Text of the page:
I created a small example App that shows how I started when implementing a buy/consume step – check it out, maybe it helps you. It is working great on my Galaxy S2 device without any exceptions or problems… see the download link at the bottom of this blog post.

      • Thanks a lot! I got static response testing to work now when I used your example project.

        The developer guide says that test purchase should be tested as the next step. I try to get this to work, but I always get the message „this version of the application is not configured for billing through Google play“ even though I follow all the recommendations. It seems very difficult to get this type of testing to work, like this blog explains:

        http://blog.suda.pl/2013/04/the-hell-of-testing-google-play-in-app-billing/#comment-146

        Maybe it is enough to test with static responses or do you think that is necessary to test with test purchases before releasing the new version of the app?

  2. I uploaded my first app with in app billing yesterday. I got orders from the customers, so I can see that the in app billing works. I only tested with static responses, „test purchases“ was of no use and impossible to get to work.

    I added a link to your blog from my company’s site. I think your guide is very useful, because Google’s information on in app billing is very confusing and difficult to understand. I wouldn’t have got this to work without your blog!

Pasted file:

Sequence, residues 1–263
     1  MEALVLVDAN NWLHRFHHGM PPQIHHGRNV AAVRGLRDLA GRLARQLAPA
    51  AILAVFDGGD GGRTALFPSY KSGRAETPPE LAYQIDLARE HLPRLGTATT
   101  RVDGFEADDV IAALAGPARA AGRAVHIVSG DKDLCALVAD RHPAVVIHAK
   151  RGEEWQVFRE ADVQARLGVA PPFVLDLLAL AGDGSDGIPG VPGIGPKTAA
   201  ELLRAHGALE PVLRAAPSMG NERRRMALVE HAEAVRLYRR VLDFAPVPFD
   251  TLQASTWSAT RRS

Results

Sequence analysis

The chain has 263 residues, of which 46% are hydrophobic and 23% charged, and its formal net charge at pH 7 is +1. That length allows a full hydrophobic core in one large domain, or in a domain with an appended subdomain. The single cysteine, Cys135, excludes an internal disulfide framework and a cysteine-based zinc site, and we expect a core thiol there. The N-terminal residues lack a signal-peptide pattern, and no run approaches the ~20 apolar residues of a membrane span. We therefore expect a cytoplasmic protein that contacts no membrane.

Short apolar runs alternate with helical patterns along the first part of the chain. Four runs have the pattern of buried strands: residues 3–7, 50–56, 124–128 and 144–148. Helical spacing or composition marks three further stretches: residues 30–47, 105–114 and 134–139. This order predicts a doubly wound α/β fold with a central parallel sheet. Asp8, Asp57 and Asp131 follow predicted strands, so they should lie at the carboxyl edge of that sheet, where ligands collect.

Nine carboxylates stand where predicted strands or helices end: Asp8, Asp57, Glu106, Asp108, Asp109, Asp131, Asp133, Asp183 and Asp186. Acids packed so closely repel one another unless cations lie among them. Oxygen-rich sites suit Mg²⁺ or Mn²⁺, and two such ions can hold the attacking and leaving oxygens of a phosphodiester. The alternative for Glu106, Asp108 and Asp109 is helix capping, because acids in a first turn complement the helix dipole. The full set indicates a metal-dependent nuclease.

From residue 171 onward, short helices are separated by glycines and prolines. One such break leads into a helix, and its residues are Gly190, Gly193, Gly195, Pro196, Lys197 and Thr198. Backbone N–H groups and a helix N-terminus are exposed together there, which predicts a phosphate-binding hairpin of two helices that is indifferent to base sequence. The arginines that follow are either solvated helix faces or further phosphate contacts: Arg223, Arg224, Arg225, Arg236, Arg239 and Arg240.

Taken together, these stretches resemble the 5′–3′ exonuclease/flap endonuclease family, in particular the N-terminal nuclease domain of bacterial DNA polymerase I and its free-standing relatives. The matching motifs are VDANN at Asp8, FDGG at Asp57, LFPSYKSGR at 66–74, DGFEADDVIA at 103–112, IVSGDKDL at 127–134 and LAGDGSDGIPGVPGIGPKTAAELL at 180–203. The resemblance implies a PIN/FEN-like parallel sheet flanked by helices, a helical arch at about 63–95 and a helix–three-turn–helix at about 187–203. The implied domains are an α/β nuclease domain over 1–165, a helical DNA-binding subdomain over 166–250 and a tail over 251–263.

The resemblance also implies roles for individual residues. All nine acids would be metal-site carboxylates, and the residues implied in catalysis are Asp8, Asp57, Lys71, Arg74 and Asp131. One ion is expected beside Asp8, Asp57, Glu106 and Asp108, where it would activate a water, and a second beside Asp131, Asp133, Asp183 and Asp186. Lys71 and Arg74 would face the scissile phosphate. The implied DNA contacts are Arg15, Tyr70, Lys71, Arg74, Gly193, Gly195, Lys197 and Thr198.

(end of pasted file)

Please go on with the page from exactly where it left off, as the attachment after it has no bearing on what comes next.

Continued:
3. ThemeBowl says:

    Hi,Thanks for the tutorial.i would like to know how to add 2 SKU ? Say i use unmanaged content like buying coins for game and $1.99 for 100coins and $5.00 for 500 coins.

  4. Jfcc says:

    hello, excellent work, I entered the checkForPremium method (). But if isPremium is false, I want to launch an activity, but I get this error:
    08-15 16:38:14.228: W/ContextImpl(2184):
    Implicit intents with startService
    are not safe: Intent { act=keyguardclock.action.startservice }
    android.content.ContextWrapper.startService:506
    android.content.ContextWrapper.startService:506
    com.sec.android.app.keyguard.KeyguardClockWidgetProvider
    .onReceive:104

    and a part of your code for check isPremium:
    boolean isPremium = inv.hasPurchase(SKU);

    // Set the shared preferences to premium=true if the user owns it
    SharedPreferences prefs = PreferenceManager.getDefaultSharedPreferences(Crea_fatture.this);
    prefs.edit()
    .putBoolean(KEY_PREMIUM_VERSION, isPremium)
    .apply();

    buyHelper.dispose();

    // Forward to the currect activity depending on premium / demo mode
    if (isPremium) {
    return;

    } else {
    Intent intent = new Intent(Crea_app.this,InAppBillingActivity.class);
    startActivity(intent);
    finish();
    // TODO start demo activity
    }

  5. dit says:

    Hi.
    Man könnte also prüfen, ob das Gerät gerootet ist oder nicht, falls nicht dann könnte man doch die SharedPreferences nutzen. Zumindest wird der Start für nicht gerootete Geräte schneller.

    Was meinst Du?

    Grüße